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Discussion Starter #1 (Edited)
I found a deal on a near new Woods RBS60P. I've considered getting it.
I already have a 60" LS Rake, 48" Box Blade and a 54" 4-way Plow, so my reasoning in not buying the back blade, is I can do everything the back blade can accomplish with what I have. Aside from "crowning". Which I don't have a need too.
At the price I can get the implement for, it's making me "think" real hard. Do I need it? I say NO.

I'm open to any feedback
 

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Each has's it's own advantage and disadvantage, you can't angle with a box blade and a rear blade does do a nice finish job when turned around and set not to cut. That said, if I had a landscape rake to go with my box blade I wouldn't bother buying a back blade.
 

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Corndog Hater
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I have never used a box blade. I have used a borrowed landscape rake though, and I have a 60" back blade. My back blade is only used for snow removal. I was impressed with the job the landscape rake did on the area disturbed when the septic was replaced. You could get good results by playing with the top link length. A lot of my dirt work is smoothed out with my FEL bucket. So, if you can't accomplish want you need with what you have and think the back blade would be a good addition, then go for it. In the end it's your money, and you could always resell it if it doesn't work out.
 

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I have a 6' Buhler back blade. Purchased used, cheap. It is maybe 7/8 wore out. Angle adjustment holes are all egg shaped. The blade wiggles and bobbles on the end of the arm, it has a used grader blade welded to the bottom for a cutting edge.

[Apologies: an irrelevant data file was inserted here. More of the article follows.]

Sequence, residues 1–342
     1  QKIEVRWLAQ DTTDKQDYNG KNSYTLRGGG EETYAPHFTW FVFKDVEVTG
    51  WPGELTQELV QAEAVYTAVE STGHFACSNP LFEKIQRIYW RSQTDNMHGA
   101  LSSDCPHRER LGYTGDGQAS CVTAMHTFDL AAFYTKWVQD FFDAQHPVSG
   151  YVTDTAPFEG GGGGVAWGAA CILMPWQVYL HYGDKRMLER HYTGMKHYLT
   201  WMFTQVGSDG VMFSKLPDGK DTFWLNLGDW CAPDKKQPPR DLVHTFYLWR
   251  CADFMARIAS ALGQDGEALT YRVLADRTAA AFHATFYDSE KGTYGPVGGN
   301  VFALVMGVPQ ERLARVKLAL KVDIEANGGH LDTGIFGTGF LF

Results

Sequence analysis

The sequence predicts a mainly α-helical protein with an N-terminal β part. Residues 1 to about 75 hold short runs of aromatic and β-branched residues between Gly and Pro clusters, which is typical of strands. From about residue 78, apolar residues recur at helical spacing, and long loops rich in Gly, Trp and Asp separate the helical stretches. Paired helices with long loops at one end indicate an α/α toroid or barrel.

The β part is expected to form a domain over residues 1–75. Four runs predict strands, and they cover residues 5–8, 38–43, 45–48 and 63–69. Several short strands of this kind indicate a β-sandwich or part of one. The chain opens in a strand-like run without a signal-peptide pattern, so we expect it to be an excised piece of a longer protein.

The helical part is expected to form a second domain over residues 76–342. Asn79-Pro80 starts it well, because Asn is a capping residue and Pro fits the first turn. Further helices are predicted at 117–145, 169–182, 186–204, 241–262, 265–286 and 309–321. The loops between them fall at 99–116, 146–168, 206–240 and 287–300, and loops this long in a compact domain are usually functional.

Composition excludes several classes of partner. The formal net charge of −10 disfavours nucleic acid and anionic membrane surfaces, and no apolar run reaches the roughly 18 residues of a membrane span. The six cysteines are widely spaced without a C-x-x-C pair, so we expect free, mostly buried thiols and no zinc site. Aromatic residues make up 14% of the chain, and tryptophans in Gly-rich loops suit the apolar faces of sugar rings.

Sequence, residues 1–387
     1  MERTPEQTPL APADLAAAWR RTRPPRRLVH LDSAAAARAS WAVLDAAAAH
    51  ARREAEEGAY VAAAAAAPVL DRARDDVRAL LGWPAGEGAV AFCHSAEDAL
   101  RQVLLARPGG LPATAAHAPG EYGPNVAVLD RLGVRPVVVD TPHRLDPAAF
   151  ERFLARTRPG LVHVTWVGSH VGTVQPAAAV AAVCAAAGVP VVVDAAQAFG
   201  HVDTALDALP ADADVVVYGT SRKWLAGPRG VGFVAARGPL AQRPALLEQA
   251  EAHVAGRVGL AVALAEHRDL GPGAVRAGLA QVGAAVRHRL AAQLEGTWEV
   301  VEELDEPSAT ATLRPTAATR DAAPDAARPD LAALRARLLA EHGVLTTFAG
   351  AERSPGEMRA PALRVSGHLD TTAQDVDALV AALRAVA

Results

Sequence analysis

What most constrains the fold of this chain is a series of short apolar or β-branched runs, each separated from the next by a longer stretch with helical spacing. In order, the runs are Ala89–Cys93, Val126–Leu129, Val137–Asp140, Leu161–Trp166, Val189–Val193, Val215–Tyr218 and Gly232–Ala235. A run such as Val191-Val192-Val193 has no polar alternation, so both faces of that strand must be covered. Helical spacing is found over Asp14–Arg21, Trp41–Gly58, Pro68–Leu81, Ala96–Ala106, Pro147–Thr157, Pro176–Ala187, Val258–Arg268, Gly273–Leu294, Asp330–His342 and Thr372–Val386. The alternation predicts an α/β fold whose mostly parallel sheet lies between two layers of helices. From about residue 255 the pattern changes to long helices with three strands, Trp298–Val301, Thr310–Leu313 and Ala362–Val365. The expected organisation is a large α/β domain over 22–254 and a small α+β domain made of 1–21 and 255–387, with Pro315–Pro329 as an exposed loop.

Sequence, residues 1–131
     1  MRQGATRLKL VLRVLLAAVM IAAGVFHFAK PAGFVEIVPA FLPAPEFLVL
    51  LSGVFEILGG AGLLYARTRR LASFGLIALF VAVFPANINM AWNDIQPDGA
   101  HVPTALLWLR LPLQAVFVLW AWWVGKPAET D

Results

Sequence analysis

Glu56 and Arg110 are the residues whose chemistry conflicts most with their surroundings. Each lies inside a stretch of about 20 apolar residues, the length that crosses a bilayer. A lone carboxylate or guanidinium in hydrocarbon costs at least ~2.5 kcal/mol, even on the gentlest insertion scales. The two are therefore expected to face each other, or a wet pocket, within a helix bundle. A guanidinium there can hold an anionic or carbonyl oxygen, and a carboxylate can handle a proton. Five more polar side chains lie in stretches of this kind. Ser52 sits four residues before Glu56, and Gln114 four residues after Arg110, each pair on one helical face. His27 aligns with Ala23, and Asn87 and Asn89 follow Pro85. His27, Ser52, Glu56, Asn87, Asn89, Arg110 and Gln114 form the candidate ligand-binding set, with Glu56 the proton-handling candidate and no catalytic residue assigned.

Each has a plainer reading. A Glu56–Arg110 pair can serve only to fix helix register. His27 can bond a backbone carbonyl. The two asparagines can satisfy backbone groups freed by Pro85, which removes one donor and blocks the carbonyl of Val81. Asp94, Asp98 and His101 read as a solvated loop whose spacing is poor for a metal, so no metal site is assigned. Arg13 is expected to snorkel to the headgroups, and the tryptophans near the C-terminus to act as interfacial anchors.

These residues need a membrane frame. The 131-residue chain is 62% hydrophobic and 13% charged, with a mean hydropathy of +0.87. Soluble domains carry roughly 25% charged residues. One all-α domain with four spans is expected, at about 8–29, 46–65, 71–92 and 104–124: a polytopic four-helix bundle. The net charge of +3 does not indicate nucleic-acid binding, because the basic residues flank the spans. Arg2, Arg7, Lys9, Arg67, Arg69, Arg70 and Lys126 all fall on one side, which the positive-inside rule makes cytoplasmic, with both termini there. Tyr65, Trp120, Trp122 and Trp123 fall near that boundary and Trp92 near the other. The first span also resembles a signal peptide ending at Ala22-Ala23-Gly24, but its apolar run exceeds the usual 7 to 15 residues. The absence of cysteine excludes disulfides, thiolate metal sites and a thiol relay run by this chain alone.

For the things I use it for, moving snow and an occasional use on the driveway gravel, it works just fine.

If I did more with it. Needed nicer looking results quicker, I would consider spending more on a nicer blade. But I don't need more than this is capable of doing.

Did I mention it was cheap ??
Your needs may vary.
 

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I have a 6' Frontier (Woods) back blade that I like. Most of the time I use it with the blade reversed (non cutting) to smooth things out, and I take out the tilt pin so it floats with the ground contours.

A top-n-tilt, or at least a 'top' cylinder makes it more useful. If you can get end plates for it, get them as they make directing spoils easier when cutting with the blade angled.
 
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